A site soil classification to AS2870 (Residential Slabs and Footings) will generally be necessary for most residential dwellings. The site soil classification is a method of classifying a site’s soil characteristics so that it is possible to use standard foundation and slab designs given in AS2870.

The main feature considered in a site classification is the reactivity and amount of clay in the soil profile. Clay expands when it absorbs moisture and shrinks when it dries out. The more clay or more reactive the clay the more the surface of the site will move with subsequent moisture changes.

The soil / clay in the upper layers is more important than in lower layers as the moisture content of the soil becomes more stable the deeper in the ground it is. That is soil at the very top may be saturated in the morning and dry in the afternoon whereas soil say 2m down may have a very constant moisture content and only experience drying out in a severe drought.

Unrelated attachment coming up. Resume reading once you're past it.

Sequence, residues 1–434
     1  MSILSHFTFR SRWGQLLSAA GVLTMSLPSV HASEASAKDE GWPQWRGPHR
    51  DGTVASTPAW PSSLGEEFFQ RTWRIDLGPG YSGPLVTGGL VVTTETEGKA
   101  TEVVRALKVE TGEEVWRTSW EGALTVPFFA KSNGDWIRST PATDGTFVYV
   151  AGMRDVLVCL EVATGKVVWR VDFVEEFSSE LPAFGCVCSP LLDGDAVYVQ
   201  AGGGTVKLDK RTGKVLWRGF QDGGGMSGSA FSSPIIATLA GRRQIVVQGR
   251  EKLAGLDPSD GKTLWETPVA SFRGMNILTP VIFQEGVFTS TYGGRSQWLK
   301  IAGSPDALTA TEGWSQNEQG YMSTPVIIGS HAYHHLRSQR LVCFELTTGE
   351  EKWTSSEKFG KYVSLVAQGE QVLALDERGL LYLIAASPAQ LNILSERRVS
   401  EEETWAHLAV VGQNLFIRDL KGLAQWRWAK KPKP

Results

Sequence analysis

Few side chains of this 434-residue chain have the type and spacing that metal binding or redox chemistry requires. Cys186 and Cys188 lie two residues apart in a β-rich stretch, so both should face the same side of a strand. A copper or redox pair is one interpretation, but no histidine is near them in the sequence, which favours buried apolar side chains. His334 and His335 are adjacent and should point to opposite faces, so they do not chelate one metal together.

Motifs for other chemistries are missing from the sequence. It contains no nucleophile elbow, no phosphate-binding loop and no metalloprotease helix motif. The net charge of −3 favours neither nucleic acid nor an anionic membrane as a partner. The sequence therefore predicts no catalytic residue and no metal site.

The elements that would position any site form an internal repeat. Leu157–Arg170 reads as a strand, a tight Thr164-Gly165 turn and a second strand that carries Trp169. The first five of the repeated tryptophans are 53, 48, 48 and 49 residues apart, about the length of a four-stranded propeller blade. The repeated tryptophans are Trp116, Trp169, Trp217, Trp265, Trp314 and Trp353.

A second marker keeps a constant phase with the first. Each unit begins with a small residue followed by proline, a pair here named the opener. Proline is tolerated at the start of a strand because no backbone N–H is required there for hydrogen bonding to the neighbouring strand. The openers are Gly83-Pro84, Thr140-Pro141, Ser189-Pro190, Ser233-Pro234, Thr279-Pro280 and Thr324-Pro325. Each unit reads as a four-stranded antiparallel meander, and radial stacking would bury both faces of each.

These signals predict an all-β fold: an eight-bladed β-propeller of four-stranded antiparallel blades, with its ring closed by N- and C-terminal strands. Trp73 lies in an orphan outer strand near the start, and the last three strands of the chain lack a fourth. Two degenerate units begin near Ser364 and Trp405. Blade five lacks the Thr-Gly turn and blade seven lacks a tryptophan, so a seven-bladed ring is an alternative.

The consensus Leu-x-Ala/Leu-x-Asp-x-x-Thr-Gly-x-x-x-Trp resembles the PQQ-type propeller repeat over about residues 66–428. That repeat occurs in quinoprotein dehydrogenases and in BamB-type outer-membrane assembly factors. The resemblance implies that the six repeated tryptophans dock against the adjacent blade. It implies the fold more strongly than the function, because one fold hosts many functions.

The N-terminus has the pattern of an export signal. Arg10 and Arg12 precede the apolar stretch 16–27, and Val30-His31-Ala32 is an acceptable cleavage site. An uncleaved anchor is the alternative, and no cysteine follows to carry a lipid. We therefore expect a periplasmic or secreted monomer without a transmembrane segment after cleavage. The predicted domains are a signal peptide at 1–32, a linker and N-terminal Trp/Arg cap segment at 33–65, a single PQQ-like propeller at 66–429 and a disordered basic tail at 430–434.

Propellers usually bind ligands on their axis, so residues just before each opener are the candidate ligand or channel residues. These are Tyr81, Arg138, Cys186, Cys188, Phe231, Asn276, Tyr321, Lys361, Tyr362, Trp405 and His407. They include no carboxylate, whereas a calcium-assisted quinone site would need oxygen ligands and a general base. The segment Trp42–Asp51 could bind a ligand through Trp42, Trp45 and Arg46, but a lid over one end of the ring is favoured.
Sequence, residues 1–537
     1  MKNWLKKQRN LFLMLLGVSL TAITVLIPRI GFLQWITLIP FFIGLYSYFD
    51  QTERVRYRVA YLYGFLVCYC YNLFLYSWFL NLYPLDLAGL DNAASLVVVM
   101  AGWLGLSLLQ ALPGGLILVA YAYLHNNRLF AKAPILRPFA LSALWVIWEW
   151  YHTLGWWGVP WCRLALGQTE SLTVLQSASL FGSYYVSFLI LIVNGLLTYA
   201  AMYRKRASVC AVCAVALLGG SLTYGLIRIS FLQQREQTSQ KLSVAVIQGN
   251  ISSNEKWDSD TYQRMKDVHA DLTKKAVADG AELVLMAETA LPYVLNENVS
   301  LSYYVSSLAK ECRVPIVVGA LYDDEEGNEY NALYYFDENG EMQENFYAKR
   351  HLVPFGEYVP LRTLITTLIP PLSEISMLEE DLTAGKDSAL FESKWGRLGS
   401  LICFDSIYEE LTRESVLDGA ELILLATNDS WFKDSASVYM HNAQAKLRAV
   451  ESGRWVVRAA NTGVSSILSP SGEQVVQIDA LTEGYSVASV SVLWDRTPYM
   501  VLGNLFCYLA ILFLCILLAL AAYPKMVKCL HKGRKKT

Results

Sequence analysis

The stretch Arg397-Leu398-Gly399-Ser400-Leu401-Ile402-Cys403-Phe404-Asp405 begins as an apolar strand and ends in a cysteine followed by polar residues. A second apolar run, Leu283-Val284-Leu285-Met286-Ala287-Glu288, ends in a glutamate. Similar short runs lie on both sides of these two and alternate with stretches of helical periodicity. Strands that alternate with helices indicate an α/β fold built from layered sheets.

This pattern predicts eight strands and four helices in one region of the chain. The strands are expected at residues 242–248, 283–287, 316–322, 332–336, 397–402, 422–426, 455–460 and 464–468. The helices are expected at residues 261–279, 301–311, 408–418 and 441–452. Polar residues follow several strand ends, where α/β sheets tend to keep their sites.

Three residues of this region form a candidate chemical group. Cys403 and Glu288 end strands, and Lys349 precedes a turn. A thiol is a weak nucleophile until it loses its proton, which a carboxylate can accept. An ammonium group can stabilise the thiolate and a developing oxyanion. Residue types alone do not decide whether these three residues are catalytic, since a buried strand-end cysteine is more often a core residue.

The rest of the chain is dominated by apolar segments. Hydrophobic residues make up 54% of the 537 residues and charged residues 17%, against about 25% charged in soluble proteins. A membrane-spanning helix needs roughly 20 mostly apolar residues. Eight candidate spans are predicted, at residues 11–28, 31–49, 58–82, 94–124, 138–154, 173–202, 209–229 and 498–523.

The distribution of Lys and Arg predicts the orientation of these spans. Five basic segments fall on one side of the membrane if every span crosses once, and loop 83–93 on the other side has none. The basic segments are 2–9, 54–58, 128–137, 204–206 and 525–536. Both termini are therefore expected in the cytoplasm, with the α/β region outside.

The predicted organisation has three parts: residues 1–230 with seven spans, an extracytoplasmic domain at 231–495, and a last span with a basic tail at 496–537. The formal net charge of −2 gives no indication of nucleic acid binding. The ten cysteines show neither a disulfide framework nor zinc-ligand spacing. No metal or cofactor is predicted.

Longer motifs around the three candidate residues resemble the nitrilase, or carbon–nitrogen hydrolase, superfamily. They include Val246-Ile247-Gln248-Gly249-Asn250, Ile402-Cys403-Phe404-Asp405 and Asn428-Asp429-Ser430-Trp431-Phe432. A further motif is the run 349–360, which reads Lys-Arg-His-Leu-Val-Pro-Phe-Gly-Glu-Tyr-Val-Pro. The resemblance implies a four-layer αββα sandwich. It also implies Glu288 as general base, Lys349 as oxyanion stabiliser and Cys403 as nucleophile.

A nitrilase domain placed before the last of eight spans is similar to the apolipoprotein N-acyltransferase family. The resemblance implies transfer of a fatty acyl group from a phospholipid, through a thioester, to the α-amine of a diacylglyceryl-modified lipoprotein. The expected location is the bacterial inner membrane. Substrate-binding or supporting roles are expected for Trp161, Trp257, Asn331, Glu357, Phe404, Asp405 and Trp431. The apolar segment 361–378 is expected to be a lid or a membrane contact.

The type of clay is important eg. clays derived from basalt rock are generally more reactive or moisture sensitive than clays derived from granite rocks.

Climate also has an effect as the frequency and amount of moisture (rain) entering the soil varies directly with the climate. Soils in coastal climates receive rain regularly and the moisture variations may only be significant down to say 1.5m depth whereas in semi-arid regions there may be moisture variations down to say 4m.

The main site classifications are

  • Class A – Most sand and rock sites with little or no ground movement from moisture changes.
  • Class S – Slightly reactive clay sites with only slight ground movement from moisture changes.
  • Class M- Moderately reactive clay or silt sites, which can experience moderate ground movement from moisture changes.
  • Class H- Highly reactive clay sites, which can experience high ground movement from moisture changes.
  • Class E- Extremely reactive sites, which can experience extreme ground movement from moisture changes.
  • Class P – Certain conditions make standard designs inappropriate without special consideration. Such conditions classed as P include soft soils, mine subsidence, land slip, uncontrolled fill and collapsing soils. Class P does not signify and particular severity of problem, but rather that a site is disqualified from other classes and therefore requires special consideration, therefore in theory class P should be classed as the ‘everything else class’.

Tasman Engineering Consultants can classify your site as part of the structural design process.